Research Special Topics

Signs of Progress: NYC’s Economic Recovery

November 2023


Times Square, until recently a symbol of pandemic damage to Manhattan’s central business districts, is experiencing a resurgence of economic activity. Citywide, employment has surpassed 2019 highs, as has airport activity. On the flip side, the number of New Yorkers receiving public assistance has increased dramatically.

New York City’s economy recently hit several historic milestones in COVID-19 recovery.

  • New York City employers added 16,800 private sector jobs in September, lifting private sector employment past its pre-pandemic peak to 4.13 million—the highest on record.
  • The 192nd new business opened in Times Square in October, surpassing the 179 businesses that closed during the pandemic.
  • The region’s airports had their busiest month in history with over 13.3 million passengers served in August.

Despite these high-water marks, several indicators of New Yorkers’ economic wellbeing reveal distress.

  • 145,000 fewer residents of the five boroughs are employed than pre-pandemic, and at 5.3%, the unemployment rate remains higher than the 4.3% in February 2020.
    • 72,000 New Yorkers have been unemployed for at least 27 weeks—a common threshold for long-term unemployment—up 44%, or 22,000 residents, from 2019.
  • Over 482,000 New Yorkers received cash assistance (also known as welfare or public assistance), up 52%—or 165,000 recipients—from February 2020.
  • 1.7 million New Yorkers received Supplemental Nutrition Assistance Program (SNAP) benefits (formerly known as “food stamps”), up 17% from February 2020.
    • SNAP assistance rolls began declining beginning in March, although recent research from the Center for New York City affairs suggests this may be due to delays in application processing as opposed to reduced need.

Businesses continued to rein in job listings as employment surpassed pre-pandemic levels.

  • New York City employers listed an average of 118,700 full-time job postings in the three months ending October 2023, down 46% from a year prior and the fewest since pre-pandemic.

New York City collected $2.5 billion in sales tax during Q3 2023, up 5% or $119 million from Q2 2022; collections in the rest of the state grew more slowly (3%).

Nearly 38,000 new businesses formed in the city since January 2022.

  • This includes over 9,000 new businesses formed in Brooklyn during the 12 months ending March 31, 2023.
  • One in every seven businesses in the city was opened in the past year.

New York City’s generative artificial intelligence (AI) companies continue to attract private investment despite the broader downturn in venture capital funding in 2023.

  • New York City startups in generative AI—defined as the field of artificial intelligence that predicts human-like content across various domains using models trained on diverse inputs such as text, images, video, and speech—have raised $897 million in venture capital (VC) funding in 2023, nearly twice as much as all of 2022 and surpassing the previous record of $868 million raised in 2021.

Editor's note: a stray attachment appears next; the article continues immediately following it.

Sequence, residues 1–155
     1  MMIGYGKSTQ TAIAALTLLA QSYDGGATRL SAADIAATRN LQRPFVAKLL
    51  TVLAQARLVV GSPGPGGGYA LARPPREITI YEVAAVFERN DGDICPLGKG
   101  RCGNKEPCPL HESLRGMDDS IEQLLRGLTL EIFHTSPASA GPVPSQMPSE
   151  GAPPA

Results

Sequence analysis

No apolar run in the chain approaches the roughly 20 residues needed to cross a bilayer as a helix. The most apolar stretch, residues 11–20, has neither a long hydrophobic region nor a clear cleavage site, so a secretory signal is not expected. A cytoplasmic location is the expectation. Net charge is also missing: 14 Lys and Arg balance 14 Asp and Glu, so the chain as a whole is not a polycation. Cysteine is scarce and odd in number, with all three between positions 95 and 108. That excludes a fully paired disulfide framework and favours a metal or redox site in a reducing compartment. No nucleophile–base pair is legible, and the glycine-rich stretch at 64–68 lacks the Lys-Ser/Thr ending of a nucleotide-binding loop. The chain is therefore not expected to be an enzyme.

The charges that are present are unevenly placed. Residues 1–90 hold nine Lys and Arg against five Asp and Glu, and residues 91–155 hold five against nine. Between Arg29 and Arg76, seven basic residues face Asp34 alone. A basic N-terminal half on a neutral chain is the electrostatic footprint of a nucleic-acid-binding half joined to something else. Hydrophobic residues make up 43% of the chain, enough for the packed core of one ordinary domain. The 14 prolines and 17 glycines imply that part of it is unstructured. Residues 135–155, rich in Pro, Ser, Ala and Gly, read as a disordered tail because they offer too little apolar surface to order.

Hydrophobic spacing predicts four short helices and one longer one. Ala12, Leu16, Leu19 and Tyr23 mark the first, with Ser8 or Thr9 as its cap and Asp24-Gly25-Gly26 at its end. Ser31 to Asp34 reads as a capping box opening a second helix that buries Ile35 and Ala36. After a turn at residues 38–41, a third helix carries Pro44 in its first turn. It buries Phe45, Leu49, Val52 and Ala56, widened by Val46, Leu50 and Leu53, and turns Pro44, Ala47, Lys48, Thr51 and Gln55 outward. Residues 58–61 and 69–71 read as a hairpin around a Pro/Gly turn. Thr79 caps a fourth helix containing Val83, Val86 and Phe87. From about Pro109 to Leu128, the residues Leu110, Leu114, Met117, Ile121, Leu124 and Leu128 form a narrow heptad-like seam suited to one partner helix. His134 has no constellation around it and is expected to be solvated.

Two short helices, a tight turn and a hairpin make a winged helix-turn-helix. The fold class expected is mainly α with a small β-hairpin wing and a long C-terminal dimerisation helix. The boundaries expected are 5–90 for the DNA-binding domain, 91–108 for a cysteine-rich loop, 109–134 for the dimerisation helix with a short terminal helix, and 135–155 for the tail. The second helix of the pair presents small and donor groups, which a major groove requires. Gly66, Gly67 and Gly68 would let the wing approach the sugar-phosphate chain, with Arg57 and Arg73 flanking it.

• The number and value of VC deals secured by city-based generative AI startups has risen rapidly over the past decade from a mere $5 million across 8 deals in 2014.
  • In contrast, total VC funding raised by New York City companies so far in 2023 is down 41% from 2022.

The city’s tourism industry continues its gradual recovery.

  • 87.3% occupancy rate in New York City hotels for the four weeks ending October 14, down 4.5% during the same period in 2019, according to CoStar.
    • Note: Temporary and permanent hotel room closures may affect comparisons of occupancy rates; about 12,000 hotel rooms housed asylum seekers as of the end of September.
  • 285,100 average daily visitors to Times Square during the last week of October, down 20% from 355,800 in the equivalent week in 2019.
  • Broadway shows attracted 218,600 theatergoers and grossed $26 million in sales during the week ending October 29.
    • Attendance and sales were down 19% and 15%, respectively, from the equivalent week in the 2019 season.

New Yorkers have sustained the large spike in bike ridership triggered by the pandemic with ridership setting new records in recent months.

  • More than 698,000 bikes crossed the East River bridges in October, up 18% from October 2022 and up 50% from October 2019.
    • The bridges recorded a record 754,000 bike crossings in August.
  • Over 4.07 million users rode Citi Bike in August 2023, the most rides in a single month.
  • Average daily bike ridership in the New York City metro area nearly doubled between 2019 and 2022, the fastest growth of any metro, according to a recent StreetLight Data report.

The last week of October punctuated recent gains in ridership across the region’s transit system.

  • Weekend subway ridership surpassed 2.7 million passengers on Saturday, October 28, reaching 82% of pre-pandemic and the highest weekend total since 2020.
  • The subway carried over 24 million passengers during the week ending October 29, the highest weekly total in the last 12 months.
  • 955 million trips on the subway were completed in 2023 through October, up 15% from 830 million in the same period last year.
  • The commuter railroads also both posted their best weeks in a year during the last week of October; the Long Island Rail Road carried 1.4 million riders and Metro-North Railroad carried 1.3 million.